Let cool out of the muffin tins. Meanwhile make the icing. Mix the icing sugar with a few drops of water and stir until you have a thick paste. Only add a little water at a time – you can always add more but you can’t take it out once it’s in! (You could always add more icing sugar if you put too much water in, but then you could end up with too much icing.)
Put a small blob of icing in the centre on top of each cake. It will probably start to run down to the edges on its own gradually, but if not then spread across the top with the back of a teaspoon.
Sprinkle hundreds and thousands over the icing and carefully shake off any excess.
Leave the icing to set, and then eat the cakes! Store in an airtight container – best eaten within a few days.
At the weekend we had arranged to meet up with some of my school friends and their families. When we planned this a while ago, we thought a barbecue at one of their houses would be a nice idea for a summer’s Sunday afternoon. As July went on, this looked less and less likely, and there was talk of relocation to a family pub somewhere. However, in the end the sun came out for the weekend, and we managed to have our barbecue. I was put in charge of bringing pudding (more my thing than meat at the best of times, let alone when I’m really not liking the smell of cooking!), so I decided to whip up a quick and easy classic British cake on the Saturday morning before we left to head over to the Midlands.
My choice was the Victoria sponge. You can’t really go too wrong with it, and it’s not too sweet or stodgy, so just what I like at the moment. Once the cake bit of it was baked, I packed the two halves into a tin, as my plan was to do the jam and icing sugar bits the next day at my parents house where we were staying. We had lunch at my parents’ on Saturday, and what should Mum bring out for pudding…. but a Victoria sponge that she’d baked! It was complete with candles for my birthday – a lovely surprise being as I’d almost forgotten about my birthday this year as it’s crept up so quickly with me being so busy. So this weekend became the weekend of Victoria sponges 🙂 Not a bad thing to have two of in my opinion. Mum had in fact put buttercream icing as well as jam in the middle, so not technically a classic Victoria sponge, rather one with a bit of a twist. As the jam she had was quite tart, not too sweet, the buttercream icing was a great complement to it, and I decided to make this addition to my cake for the Sunday too.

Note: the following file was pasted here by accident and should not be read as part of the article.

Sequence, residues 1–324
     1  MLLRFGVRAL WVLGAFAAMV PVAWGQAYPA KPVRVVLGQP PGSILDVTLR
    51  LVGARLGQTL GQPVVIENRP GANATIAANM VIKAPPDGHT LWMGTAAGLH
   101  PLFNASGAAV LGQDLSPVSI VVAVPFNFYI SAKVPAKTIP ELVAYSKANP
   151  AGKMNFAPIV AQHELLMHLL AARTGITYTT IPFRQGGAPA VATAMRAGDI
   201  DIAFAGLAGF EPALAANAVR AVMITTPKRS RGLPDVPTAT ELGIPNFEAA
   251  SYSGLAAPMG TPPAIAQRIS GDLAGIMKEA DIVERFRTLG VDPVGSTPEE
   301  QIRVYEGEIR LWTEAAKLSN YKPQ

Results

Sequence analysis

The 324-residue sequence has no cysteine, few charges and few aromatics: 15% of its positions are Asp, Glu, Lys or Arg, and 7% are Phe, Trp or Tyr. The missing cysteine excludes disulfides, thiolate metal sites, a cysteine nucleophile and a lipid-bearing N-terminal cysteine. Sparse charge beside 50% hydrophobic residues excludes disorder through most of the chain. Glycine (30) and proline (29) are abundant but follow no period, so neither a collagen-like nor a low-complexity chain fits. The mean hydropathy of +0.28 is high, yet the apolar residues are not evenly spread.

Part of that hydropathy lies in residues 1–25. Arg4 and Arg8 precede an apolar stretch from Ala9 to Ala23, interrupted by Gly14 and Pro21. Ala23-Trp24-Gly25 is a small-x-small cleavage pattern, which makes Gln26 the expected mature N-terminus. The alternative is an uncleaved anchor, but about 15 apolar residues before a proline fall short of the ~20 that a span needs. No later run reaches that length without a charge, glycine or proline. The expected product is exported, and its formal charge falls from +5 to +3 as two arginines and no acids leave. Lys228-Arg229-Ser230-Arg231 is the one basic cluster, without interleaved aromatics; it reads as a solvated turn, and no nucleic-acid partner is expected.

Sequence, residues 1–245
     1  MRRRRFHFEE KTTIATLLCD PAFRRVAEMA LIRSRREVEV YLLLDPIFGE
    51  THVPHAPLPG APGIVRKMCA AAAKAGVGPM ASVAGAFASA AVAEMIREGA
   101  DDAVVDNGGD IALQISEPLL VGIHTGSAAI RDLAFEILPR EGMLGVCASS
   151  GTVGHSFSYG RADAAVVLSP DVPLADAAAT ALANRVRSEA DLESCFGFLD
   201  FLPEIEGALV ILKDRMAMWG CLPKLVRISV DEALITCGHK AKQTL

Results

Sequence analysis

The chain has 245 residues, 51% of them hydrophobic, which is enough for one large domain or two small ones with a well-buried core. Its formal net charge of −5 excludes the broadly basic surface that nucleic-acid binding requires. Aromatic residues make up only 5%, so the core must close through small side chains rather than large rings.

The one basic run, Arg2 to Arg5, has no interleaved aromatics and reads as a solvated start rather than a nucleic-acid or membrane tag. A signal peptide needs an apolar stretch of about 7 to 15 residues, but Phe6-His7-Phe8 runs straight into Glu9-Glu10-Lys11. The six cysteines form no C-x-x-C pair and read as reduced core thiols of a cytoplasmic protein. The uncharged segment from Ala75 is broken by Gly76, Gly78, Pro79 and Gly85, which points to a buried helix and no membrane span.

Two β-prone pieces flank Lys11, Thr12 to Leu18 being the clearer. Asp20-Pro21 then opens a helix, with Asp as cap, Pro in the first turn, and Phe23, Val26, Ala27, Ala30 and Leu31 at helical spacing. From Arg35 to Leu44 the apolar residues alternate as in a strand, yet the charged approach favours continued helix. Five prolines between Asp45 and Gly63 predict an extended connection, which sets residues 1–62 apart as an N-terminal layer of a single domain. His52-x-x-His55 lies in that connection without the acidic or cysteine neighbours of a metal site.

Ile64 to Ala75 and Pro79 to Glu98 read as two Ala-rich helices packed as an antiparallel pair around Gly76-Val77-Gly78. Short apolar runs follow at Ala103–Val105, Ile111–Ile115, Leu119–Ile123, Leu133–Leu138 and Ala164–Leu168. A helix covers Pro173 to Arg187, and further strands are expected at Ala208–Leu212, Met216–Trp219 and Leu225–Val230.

What I didn’t plan for was the hot weather on the Sunday! During the three-quarter hour car journey to our friends’ house at lunchtime, the two halves slid apart as the buttercream icing melted slightly and lost its grip on the jam in the sandwiched cake. When we arrived I had to do some patching up, but in the end, after a couple of hours in the cool kitchen, it didn’t look too bad. And it tasted good, that was the main thing!
110g self-raising flour
1/2 tsp baking powder
1 tsp vanilla essence
jam for the filling
for the icing in the middle (optional): 75g margarine and 150g icing sugar
icing sugar to dust
Pre-heat the oven to 180ºC, and grease 2 medium round cake tins with margarine.
Cream the margarine and sugar in a bowl together until light and fluffy.
Add the eggs and vanilla essence and beat well until you have a smooth mixture.
Add the flour and baking powder and mix until well combined and smooth.
Pour half the mixture into one cake tin and half into the other.
Bake in the oven for about 12-15 minutes until golden and springy to touch.
Let cool and remove from tins.
Once cool, spread jam generously over one of the circles of cake.
Mix the margarine and icing sugar for the icing together until you have a smooth paste. Spread the icing over the other cake, the one without the jam.
Put the side with the jam onto the side with the icing to make a sandwich.
Dust the top with icing sugar to finish.
Store in cool place, especially if the weather is hotter than you’re used to!! Preferably just eat it though 🙂